Thanks to Andrea Barchi, COO at Selltek, one of 3D Systems’ leading distributors in Europe, I recently had a chance to view a beta version of the new ProJet 2500, released just this month. This is the machine that the North Carolina based giant is counting on to challenge the Objet Eden’s dominance of the (relatively) low-cost inkjet 3D printing market. Judging by the first impressions gathered while working on the beta version at Selltek, 3D Systems is right in having great expectations for the ProJet 2500 line.
The ProJet MJP 2500 is possibly of the most interesting new products of 2016. It is a completely new machine and it represents the first concrete result of the acquisition that 3D Systems made, two years ago, of Xerox’s Oregon-based Solid Ink Engineering and Development teams. The fact that Xerox is involved is not casual as the ProJet 2500 could become as widespread a system as the copy machine.
In the name of Xerox
Inkjet 3D printing uses a piezoelectric print head to control materials down to voxels that are the size of a few picoliters. It is currently the most advanced polymer 3D printing technology and works in a way that is similar to home 2D inkjet printers. Only, it creates 3D layers depositing digital polymer materials that are solidified through a light source.
The ProJet MJP 2500 is based on 3D Systems’ version of inkjet 3D printing, that is MultJet Printing (MJP). However the cost and size of this systems mean that they are going to replace the ProJet 1500, which is a DLP-based a system. In short this means that the new machine may not become a 3D printer for all but certainly for many.
“Honestly, when I saw it at CES in January I was really excited,” says Andrea Barchi. “It is a smaller machine, completely user friendly, able to print in very high quality and with 5 beautiful materials. That’s because the ProJet 2500 uses next-generation resins similar to those seen on the larger 5500X. At present, these include ABS-like, polypropylene-like, a beautiful semi-transparent and, finally black and white elastomers.”
Like a smartphone
The 2500 is also the third machine supported by the new 3DSPRINT software (also currently in beta). The latest 3D Systems software integrates multi-machine management, while implementing fixing and editing functions. It is a very intuitive software. Once the print job is loaded, 3DSPRINT works as a Client Manager to monitor and manage the print queues of all the machines on a company’s network.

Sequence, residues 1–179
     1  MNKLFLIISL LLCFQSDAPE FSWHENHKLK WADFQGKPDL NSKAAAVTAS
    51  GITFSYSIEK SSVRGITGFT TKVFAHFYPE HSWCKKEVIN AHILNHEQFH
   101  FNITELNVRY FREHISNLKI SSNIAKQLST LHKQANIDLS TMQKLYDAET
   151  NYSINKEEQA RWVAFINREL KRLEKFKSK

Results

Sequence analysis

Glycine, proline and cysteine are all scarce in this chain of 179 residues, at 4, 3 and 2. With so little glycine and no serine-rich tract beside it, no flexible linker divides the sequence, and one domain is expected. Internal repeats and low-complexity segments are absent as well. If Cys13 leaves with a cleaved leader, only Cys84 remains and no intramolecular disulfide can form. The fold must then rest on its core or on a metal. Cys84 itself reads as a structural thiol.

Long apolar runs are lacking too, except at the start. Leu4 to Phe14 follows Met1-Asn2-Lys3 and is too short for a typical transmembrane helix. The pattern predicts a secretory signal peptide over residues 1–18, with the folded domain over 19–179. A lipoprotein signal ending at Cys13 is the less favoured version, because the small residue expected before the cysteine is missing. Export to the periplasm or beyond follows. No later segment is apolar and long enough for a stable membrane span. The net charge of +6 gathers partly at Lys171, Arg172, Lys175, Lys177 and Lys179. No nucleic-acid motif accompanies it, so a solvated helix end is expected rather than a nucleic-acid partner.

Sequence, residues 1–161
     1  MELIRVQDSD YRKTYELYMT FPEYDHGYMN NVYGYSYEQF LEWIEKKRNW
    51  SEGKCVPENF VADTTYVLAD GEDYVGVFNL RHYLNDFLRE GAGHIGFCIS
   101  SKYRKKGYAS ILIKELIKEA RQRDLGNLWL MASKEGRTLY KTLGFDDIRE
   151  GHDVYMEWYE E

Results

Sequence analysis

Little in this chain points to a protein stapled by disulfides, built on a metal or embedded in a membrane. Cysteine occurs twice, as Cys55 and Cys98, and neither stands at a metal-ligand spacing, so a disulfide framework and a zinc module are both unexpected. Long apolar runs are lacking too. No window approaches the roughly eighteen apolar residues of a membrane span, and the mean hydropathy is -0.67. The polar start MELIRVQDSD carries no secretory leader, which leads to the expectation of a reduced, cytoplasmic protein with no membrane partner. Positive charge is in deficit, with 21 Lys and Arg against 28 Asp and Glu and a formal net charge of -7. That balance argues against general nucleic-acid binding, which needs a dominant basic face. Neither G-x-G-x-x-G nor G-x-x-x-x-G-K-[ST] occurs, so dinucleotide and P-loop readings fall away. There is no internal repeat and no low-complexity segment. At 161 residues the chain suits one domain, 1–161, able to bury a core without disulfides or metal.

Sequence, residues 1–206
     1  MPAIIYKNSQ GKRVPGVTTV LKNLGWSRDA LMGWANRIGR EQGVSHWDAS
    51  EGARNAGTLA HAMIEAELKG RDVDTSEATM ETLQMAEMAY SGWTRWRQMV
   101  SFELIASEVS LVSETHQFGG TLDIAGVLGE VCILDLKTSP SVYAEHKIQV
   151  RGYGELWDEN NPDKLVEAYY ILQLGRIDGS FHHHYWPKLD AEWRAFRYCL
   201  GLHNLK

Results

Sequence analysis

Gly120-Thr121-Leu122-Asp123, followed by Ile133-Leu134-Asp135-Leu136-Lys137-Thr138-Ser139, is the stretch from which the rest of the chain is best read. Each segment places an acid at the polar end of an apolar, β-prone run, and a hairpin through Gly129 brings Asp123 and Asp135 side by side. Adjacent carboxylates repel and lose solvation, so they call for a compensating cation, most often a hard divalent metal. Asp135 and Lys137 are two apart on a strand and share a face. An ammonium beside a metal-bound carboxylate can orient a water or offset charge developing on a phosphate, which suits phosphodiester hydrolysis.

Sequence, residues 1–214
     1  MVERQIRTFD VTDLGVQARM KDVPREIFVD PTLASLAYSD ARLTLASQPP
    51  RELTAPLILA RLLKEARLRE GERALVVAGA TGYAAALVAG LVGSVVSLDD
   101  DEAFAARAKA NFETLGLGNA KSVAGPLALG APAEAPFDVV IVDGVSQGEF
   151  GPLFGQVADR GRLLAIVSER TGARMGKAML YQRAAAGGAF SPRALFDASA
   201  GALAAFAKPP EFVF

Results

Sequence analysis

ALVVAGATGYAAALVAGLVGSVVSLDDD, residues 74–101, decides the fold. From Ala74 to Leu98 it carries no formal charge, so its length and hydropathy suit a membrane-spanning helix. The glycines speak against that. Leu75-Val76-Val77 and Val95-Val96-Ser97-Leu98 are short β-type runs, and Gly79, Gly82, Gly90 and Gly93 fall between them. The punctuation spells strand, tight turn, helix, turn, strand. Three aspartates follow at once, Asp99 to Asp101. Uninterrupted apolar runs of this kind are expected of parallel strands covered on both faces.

The display, which is based on the Android operating system for even greater accessibility, provides all the necessary information. A complete operator menu enables users to to easily perform maintenance and material change. 3D Systems’ management promises very little waste of time and materials during this operation.
From the aesthetic side, the ProJet 2500 presents the same “family feeling” of all the more recent 3D printers by 3D Systems. It is not as small as it looks in photos and the exterior is stylish and modern. The work area is anything but small, just a little smaller than that of its older sister, the industry leading ProJet 3600 (295 x 211 x 142 mm). It adds a resolution of 800 x 900 x 790 dpi with down to 32-micron layers.
The printing platform can be used on both sides, an ingenious automatic retention system locks the platform in at the start. The inkjet print head runs along three lanes. If the parts to be produced do not extend beyond the first section, the ProJet 2500 works at maximum speed. In case more space is needed the machine will run its print head on two or even al three lanes. In this case, the machine is still very fast and the junction point between the parts is invisible to the naked eye.
The new ProJet 2500 series can currently use 5 new VisiJet M2 materials. These are VisiJet RWT (Rigid White), VisiJet RBK (Rigid Black), VisiJet RCL (Rigid Clear), EBK VisiJet (Elastomeric Black) and VisiJet ENT (Elastomeric Natural). The two elastomers, only available on the Plus version, offer a sensational performance of up to 650% maximum elongation at break
The polymerization process is activated by two LED emitters mounted under the head. All calibration and alignment processes are managed automatically by the machine, leaving very few manual tasks to be undertaken by human operators.
The ProJet 2500 is available in two versions, Standard and Plus. The first allows you to print in hard black and white material; the second also supports the transparent material and the two elastomers. As for its competitor’s systems, an upgrade can be performed at any time.
“The cartridge lading system is state of the art,” Andrea says. “along with top notch resolution capabilities this could worry not just the competition but also the Projet’s ‘older sisters’ currently on the market. In the first tests that carried there seems to be no substantial qualitative differences between the upper surfaces and those in contact with the support material. This time in 3D Systems we are really breathing in the fresh scent of innovation and we cannot wait to have the 3D printer available to purchase.”